Bugs in a Bag of Horse Feed
Q: When I opened a new bag of horse feed, I found a bunch of little beetlelike creatures in it. I’ve never seen this before, and I wasn’t sure what to do. I returned the feed to the retailer I purchased it from and got a new bag, but now I’m wondering whether I needed to do that? Could I have just kept it and fed it like usual, or could these bugs have hurt my horse? — via email

A: This time of year, owners occasionally find what appear to be beetles in bags of horse feed. These beetles could be bran bugs or weevils, especially if the feed contains whole grains. You can tell weevils apart from other bugs by the shape of their head—adult weevils have elongated heads that form a “snout.” Bran bugs look like weevils, but without the snout.

Weevils live inside and damage whole grain kernels; however, neither they nor other bugs commonly found in grain pose a risk to your horse. That said, such bugs could lower the feed’s nutritional content if they, themselves, are feeding on it. Bran bugs live on broken grain and grain dust.

You might also see meal moths, which tend not to discriminate the same way weevils and beetles do and will attack all forms of grain. The moths lay eggs on the grain’s surface. The eggs then hatch into caterpillars that look like little worms. These larvae create a web over the grain that impacts air movement and results in grain clumps.

While most bugs found in grain originate from within the bag, they can bore into bags from the outside, as well. Clean out all feed bins and storage containers carefully if you’ve had bug-contaminated feed. Weevils can live for up to eight months and venture far from the original food source, so feed room hygiene is important.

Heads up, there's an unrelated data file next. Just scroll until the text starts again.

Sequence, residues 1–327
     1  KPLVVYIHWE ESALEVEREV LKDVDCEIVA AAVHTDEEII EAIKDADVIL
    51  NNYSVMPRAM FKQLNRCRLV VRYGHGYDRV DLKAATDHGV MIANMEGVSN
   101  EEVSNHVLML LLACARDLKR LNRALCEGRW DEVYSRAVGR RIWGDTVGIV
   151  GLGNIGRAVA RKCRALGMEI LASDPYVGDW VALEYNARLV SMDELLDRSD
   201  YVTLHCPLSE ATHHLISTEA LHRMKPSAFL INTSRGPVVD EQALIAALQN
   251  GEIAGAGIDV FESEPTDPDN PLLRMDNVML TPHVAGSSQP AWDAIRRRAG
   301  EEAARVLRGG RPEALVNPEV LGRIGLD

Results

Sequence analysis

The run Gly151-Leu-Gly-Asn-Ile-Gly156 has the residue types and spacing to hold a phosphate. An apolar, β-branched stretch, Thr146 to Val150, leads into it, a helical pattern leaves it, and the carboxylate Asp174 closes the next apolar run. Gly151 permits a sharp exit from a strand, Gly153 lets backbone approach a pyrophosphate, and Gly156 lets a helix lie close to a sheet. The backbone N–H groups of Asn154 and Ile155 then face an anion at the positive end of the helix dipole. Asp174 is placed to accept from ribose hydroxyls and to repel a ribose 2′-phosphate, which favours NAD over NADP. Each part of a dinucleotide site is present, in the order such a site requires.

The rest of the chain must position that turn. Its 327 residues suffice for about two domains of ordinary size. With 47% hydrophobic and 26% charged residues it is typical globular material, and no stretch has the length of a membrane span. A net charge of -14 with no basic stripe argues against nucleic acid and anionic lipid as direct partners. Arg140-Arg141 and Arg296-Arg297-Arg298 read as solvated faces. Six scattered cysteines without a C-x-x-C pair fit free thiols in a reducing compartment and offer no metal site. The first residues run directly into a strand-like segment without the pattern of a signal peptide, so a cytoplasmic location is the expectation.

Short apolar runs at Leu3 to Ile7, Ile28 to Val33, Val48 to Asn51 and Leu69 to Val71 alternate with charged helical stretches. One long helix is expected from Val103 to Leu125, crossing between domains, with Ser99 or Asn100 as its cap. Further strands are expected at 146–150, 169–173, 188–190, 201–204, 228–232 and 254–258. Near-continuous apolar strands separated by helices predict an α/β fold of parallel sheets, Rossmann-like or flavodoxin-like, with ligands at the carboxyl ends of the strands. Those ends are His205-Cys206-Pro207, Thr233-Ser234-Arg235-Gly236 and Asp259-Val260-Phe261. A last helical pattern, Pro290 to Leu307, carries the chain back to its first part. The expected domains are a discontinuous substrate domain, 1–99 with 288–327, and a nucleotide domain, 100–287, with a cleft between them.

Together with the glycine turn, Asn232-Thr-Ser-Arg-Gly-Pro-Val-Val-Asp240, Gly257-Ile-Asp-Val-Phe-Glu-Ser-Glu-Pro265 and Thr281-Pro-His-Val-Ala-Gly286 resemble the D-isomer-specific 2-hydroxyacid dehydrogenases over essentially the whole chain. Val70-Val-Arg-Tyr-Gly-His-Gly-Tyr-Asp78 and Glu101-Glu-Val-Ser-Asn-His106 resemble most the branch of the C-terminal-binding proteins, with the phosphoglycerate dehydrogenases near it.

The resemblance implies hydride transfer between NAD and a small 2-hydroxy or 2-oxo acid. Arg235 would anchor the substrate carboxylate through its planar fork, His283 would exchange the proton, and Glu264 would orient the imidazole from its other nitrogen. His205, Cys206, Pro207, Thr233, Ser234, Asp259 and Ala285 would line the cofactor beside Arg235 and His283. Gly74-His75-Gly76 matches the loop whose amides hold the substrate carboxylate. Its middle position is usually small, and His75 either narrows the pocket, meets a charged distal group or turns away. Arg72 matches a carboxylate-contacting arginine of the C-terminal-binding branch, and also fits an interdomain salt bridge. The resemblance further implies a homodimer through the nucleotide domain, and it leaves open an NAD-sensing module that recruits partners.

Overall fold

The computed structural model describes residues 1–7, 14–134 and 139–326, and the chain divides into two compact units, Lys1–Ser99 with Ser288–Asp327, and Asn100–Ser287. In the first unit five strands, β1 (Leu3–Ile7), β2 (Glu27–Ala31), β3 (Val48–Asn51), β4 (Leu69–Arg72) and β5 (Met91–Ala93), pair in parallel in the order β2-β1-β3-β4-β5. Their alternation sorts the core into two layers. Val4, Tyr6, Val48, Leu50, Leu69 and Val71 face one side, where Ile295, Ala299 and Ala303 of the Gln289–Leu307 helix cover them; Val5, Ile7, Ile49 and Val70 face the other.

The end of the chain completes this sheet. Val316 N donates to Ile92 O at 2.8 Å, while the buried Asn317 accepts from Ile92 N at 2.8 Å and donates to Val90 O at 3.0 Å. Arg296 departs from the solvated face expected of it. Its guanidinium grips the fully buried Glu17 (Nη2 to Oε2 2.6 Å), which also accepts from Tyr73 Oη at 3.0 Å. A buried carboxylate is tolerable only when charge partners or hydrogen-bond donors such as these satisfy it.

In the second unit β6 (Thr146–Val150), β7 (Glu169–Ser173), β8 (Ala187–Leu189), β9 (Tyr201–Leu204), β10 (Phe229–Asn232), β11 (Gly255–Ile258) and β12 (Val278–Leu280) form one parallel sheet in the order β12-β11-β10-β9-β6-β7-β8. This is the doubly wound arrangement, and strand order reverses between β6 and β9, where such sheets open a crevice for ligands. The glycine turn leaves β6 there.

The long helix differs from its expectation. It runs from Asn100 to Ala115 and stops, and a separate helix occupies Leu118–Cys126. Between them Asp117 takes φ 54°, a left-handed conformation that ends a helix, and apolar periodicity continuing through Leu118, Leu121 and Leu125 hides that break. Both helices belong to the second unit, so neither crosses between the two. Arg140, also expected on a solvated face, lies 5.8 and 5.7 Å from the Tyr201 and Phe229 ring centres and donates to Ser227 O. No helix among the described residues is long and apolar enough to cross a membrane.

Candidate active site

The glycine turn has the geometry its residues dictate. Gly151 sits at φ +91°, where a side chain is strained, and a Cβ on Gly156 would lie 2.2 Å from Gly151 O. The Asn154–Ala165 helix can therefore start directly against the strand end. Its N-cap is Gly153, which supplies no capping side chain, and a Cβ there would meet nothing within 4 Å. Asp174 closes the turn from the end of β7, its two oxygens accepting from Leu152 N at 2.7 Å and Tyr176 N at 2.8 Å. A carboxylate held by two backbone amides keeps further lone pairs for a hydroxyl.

Generally when you find bugs inside a feed sack, it is an indicator that the feed has sat for too long and possibly at the wrong temperature. Eggs can be present in feed for some time, and the life cycle length depends on the season (it can take as few as five weeks in the summer and as long as 20 weeks when the weather is cooler). This is likely why we find bugs in feed less commonly in the winter months—the feed is typically consumed before the eggs hatch, so they don’t develop into pupae and adults.

If you find bugs in new bags of grain, check the product’s manufacture date (often found on the paper seam on the bag top or bottom), and consider returning the bag for something manufactured more recently. To prevent the problem from developing later, if possible, buy feed with very recent manufacture dates and make sure you can finish the feed within a month or so of manufacture. If you have access to a freezer, placing bags in it for a couple of days before opening will kill any existing bugs and larvae. However, this is not a realistic solution for textured feeds, and most people do not have access to a large freezer.